Blood Clotting Disorders (Hypercoagulable States)
What is a blood clotting disorder?
A blood clotting disorder makes your blood form clots too easily. This is also called a hypercoagulable state or thrombophilia.
When you get hurt, your body stops the bleeding by forming a blood clot. Clotting factors (proteins) your liver makes stick to platelets in your blood to form a blood clot (coagulate). Normal coagulation is important for stopping a cut from bleeding and starting the healing process.
However, too much clotting can cause problems.
Is a blood clotting disorder dangerous?
Yes, blood clotting disorders can be dangerous, especially when you don’t get treatment. People with coagulation disorders have an increased risk of getting a blood clot in their:
- Arteries (blood vessels that carry blood away from your heart).
- Veins (blood vessels that carry blood to your heart).
Another name for a clot inside a blood vessel is a thrombus or an embolus.
Blood clots in your veins can travel through your bloodstream and cause:
- Deep vein thrombosis (a blood clot in the veins of your pelvis, leg, arm, liver, intestines or kidneys).
- A pulmonary embolus (blood clot in your lungs).
Blood clots in your arteries can increase your risk for:
Can a blood clotting disorder cause miscarriage?
Yes, it’s possible to have a miscarriage if you have a blood clot disorder like antiphospholipid syndrome. This disorder increases your blood clot risk, especially if you’ve had blood clots before. Higher blood volume and pressure during pregnancy play a role in making you five times more likely to develop a blood clot, even if you don’t have a blood clotting disorder.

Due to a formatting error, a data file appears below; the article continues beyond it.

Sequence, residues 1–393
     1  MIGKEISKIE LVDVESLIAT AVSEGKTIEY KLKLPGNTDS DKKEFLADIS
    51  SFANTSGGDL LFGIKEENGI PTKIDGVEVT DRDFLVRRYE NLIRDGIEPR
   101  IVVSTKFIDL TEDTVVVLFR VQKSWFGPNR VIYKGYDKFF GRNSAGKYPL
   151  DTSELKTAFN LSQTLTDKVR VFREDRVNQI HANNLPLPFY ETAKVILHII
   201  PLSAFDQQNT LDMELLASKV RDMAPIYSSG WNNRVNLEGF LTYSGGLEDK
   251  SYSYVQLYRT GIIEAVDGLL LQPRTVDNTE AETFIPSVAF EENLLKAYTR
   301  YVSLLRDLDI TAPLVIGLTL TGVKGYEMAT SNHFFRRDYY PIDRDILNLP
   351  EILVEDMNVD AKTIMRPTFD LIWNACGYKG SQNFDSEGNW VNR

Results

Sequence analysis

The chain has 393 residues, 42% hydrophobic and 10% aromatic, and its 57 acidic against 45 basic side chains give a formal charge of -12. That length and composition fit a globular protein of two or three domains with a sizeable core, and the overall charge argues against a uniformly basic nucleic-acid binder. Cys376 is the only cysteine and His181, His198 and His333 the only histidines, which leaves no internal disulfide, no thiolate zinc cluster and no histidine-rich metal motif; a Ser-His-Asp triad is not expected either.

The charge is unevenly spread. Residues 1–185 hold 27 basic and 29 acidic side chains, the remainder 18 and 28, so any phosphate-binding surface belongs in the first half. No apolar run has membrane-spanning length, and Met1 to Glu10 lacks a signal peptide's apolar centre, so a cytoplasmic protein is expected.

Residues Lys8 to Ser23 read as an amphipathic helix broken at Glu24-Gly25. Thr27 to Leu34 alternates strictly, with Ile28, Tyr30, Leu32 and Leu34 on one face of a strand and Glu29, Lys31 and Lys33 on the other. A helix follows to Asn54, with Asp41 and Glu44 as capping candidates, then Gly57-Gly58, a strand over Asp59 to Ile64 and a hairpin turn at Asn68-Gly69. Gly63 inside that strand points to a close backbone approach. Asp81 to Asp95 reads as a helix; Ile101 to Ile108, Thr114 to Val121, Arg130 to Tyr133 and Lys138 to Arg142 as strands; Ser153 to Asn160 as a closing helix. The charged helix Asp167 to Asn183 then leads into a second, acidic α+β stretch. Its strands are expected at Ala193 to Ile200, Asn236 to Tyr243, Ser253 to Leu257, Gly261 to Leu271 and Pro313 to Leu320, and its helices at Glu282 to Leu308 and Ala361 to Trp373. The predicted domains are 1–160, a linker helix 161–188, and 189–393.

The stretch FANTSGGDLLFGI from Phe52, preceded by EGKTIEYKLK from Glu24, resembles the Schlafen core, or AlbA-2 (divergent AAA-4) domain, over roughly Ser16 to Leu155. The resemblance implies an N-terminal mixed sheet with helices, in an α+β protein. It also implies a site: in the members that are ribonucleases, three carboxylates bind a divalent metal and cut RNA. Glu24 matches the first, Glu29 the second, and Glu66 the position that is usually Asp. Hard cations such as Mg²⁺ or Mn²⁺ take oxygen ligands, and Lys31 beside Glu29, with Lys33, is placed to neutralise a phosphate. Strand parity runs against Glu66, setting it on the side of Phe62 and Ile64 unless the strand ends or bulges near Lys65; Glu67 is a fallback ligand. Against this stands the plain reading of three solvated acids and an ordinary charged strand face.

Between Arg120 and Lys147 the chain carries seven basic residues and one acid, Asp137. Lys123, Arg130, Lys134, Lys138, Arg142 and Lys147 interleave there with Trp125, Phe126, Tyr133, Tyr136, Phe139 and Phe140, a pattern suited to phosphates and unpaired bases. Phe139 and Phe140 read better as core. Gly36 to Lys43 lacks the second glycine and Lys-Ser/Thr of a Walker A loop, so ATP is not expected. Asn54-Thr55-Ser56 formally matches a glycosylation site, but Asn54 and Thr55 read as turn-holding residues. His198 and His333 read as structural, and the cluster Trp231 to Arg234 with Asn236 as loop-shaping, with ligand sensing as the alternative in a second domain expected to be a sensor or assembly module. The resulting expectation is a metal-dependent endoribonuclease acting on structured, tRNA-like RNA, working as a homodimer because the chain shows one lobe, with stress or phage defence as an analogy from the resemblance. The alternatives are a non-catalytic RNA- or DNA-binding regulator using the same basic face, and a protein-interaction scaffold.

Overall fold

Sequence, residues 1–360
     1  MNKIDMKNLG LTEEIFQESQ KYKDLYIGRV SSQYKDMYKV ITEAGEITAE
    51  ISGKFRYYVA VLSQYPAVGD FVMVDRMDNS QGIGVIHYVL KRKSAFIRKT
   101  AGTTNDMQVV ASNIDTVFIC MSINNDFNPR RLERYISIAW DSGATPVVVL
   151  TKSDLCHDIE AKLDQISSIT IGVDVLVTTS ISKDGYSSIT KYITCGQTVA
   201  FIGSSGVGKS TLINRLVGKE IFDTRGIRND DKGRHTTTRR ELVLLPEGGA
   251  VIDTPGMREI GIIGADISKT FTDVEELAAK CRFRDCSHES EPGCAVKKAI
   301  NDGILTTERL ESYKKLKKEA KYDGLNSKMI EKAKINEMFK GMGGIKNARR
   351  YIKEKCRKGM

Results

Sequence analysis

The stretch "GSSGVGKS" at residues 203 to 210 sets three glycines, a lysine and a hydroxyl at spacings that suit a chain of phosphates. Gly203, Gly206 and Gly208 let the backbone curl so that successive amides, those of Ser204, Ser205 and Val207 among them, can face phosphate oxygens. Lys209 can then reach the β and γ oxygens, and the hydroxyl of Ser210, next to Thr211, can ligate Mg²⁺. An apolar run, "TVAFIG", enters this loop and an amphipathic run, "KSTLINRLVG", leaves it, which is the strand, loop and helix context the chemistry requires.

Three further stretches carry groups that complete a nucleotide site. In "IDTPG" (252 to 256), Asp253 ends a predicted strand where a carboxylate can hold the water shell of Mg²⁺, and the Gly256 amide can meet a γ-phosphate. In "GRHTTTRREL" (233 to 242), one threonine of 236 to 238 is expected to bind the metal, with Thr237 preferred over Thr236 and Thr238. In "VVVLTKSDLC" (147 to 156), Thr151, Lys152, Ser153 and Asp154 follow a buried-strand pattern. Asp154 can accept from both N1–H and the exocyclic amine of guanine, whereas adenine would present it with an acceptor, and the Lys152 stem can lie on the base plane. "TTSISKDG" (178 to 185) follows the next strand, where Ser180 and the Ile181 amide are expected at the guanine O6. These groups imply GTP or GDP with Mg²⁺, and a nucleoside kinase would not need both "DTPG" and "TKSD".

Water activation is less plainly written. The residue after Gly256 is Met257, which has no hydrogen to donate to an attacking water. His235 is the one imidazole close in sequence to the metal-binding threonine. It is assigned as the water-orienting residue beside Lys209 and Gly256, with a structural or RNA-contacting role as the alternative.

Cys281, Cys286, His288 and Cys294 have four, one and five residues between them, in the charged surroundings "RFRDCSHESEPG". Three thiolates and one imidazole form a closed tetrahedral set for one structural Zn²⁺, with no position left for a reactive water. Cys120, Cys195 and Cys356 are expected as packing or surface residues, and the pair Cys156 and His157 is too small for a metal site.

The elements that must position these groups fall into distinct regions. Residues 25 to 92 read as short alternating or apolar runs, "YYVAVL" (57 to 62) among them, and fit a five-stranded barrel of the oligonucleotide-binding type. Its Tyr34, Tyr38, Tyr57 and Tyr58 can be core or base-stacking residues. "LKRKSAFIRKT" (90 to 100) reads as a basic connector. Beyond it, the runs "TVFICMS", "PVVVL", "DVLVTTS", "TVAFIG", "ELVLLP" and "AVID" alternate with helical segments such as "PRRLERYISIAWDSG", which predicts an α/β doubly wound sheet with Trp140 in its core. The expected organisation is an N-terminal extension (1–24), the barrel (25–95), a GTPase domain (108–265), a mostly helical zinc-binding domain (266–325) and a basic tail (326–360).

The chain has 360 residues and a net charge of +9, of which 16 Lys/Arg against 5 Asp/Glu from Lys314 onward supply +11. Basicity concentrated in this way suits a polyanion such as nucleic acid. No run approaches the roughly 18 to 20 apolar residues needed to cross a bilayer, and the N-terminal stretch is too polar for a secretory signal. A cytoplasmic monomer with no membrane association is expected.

What are the most common blood clotting disorders?
About 3% to 8% of people with ancestors from Europe have a copy of the factor V Leiden mutation. Only 1 in 5,000 people has two copies of the mutation.
About 1 in 50 white people in America and Europe have the prothrombin mutation.
Both of these mutations are less common in other populations.
Symptoms and Causes
How do you know if you have a blood clotting disorder?
Blood clotting disorder symptoms can vary depending on where in your body you have a blood clot.
Symptoms may include:
- Swelling, tenderness and pain in your leg can mean you have a deep vein thrombosis.
- Chest pain with shortness of breath can mean a possible pulmonary embolism.
- Heart attack.
What causes a blood clotting disorder?
Hypercoagulable states are usually genetic (inherited from parents) or acquired conditions.
The genetic form of this disorder means you’re born with the tendency to form blood clots.
Acquired conditions are usually a result of surgery, trauma, medications or a medical condition that increases the risk of forming clots.
Inherited hypercoagulable conditions include:
- Factor V Leiden (the most common).
- Prothrombin gene mutation (G20210A).